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Dear Ray book cover and inner pages picture
  “It is interesting…makes you realise that you are not just dealing with bits of paper
but with people.” Kathleen Hibberd, Ray’s wife, page 104, Dear Ray…
Where did the letters come from?
  picture of an ID card  
  Much of history consists of people commenting about what happened years before they were born about events which they have not experienced. Although often providing useful insights, it can all get a bit second and third hand – like messages distorting as they pass along a line of people.  
  It’s much more compelling to read the actual words of someone writing during a time of great conflict and upheaval.  
  We have long been interested in the personal and original, so, when offered a box of letters by a book dealer in London, were naturally keen to explore their content.  
  The result is Dear Ray…  
  Dear Ray
Letters are always interesting.

Letters written at times of world-rocking events
are especially interesting revealing much of what the ordinary people thought about what was going on around them, how their lives were affected and how ordinary life was carried on despite major upheavals.
letters from Future publication Dear Ray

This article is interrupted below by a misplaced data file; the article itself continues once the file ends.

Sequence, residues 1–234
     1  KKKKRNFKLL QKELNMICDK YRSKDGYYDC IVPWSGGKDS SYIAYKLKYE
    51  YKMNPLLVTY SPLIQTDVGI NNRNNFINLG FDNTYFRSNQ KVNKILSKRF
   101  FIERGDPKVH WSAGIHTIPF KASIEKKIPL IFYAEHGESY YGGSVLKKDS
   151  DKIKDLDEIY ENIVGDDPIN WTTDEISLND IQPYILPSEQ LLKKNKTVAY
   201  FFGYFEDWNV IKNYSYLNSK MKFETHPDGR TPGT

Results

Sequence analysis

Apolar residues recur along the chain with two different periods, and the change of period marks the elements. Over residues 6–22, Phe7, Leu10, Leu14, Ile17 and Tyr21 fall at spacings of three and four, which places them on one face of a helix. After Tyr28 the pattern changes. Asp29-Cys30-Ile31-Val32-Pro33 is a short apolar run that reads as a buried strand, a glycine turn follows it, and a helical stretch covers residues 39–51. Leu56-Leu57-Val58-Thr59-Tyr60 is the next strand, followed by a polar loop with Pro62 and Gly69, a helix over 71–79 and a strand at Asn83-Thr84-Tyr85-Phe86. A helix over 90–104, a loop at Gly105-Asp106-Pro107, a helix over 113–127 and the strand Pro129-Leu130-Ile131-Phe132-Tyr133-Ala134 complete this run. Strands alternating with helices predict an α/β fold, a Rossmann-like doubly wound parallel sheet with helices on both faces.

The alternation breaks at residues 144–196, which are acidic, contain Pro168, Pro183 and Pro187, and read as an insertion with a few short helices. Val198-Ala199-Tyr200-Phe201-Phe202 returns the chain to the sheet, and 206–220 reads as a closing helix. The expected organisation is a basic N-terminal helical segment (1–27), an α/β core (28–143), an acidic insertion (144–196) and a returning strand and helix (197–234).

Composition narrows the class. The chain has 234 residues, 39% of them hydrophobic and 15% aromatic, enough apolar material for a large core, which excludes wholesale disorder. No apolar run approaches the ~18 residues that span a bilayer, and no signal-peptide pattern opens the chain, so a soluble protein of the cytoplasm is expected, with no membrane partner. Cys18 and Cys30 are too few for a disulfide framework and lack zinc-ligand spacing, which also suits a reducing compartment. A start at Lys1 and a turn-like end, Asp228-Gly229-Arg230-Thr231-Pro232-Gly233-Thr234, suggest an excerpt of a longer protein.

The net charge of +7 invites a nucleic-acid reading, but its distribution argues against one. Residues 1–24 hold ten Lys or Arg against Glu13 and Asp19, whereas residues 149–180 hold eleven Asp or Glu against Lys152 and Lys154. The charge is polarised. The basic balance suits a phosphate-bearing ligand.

Dear Ray is a book of such letters. They were written to a Royal Artillery gunner serving in the Second World War by his girlfriend, his mother
and occasionally by other members of his extended family. Ordinary domestic details such as problems with jam making and family illnesses rub shoulders with talk about his mother’s call up, his sweetheart’s duties in the ATS and the family’s evacuation due to an unexploded bomb.

They also contain a mystery; who is the German girl whose photograph Ray kept with his letters?

Given that Ray experienced frequent changes of posting and ended up as part of the British Army
on the Rhine, it is remarkable that so much of his correspondence survives. As his fiancée writes:

‘One reason I detest leaving places is that you
have to destroy letters and I detest doing that –
but you just can’t carry them all around – but I always keep a few – and that means I have to read them through to see which to keep and I get so interested reading them again that time flies by without me realising it.’

The book covers a period of about six years from when Ray Hibberd was called up, aged eighteen,
to his demobilisation after the end of the war. The text of over 100 letters is included, together with comment, photographs and anecdotes which provide historical information and put the background into context.

Publication is planned for 10 August 2011 to coincide with the anniversary of the day in 1945 when Japan surrendered and ended the war.

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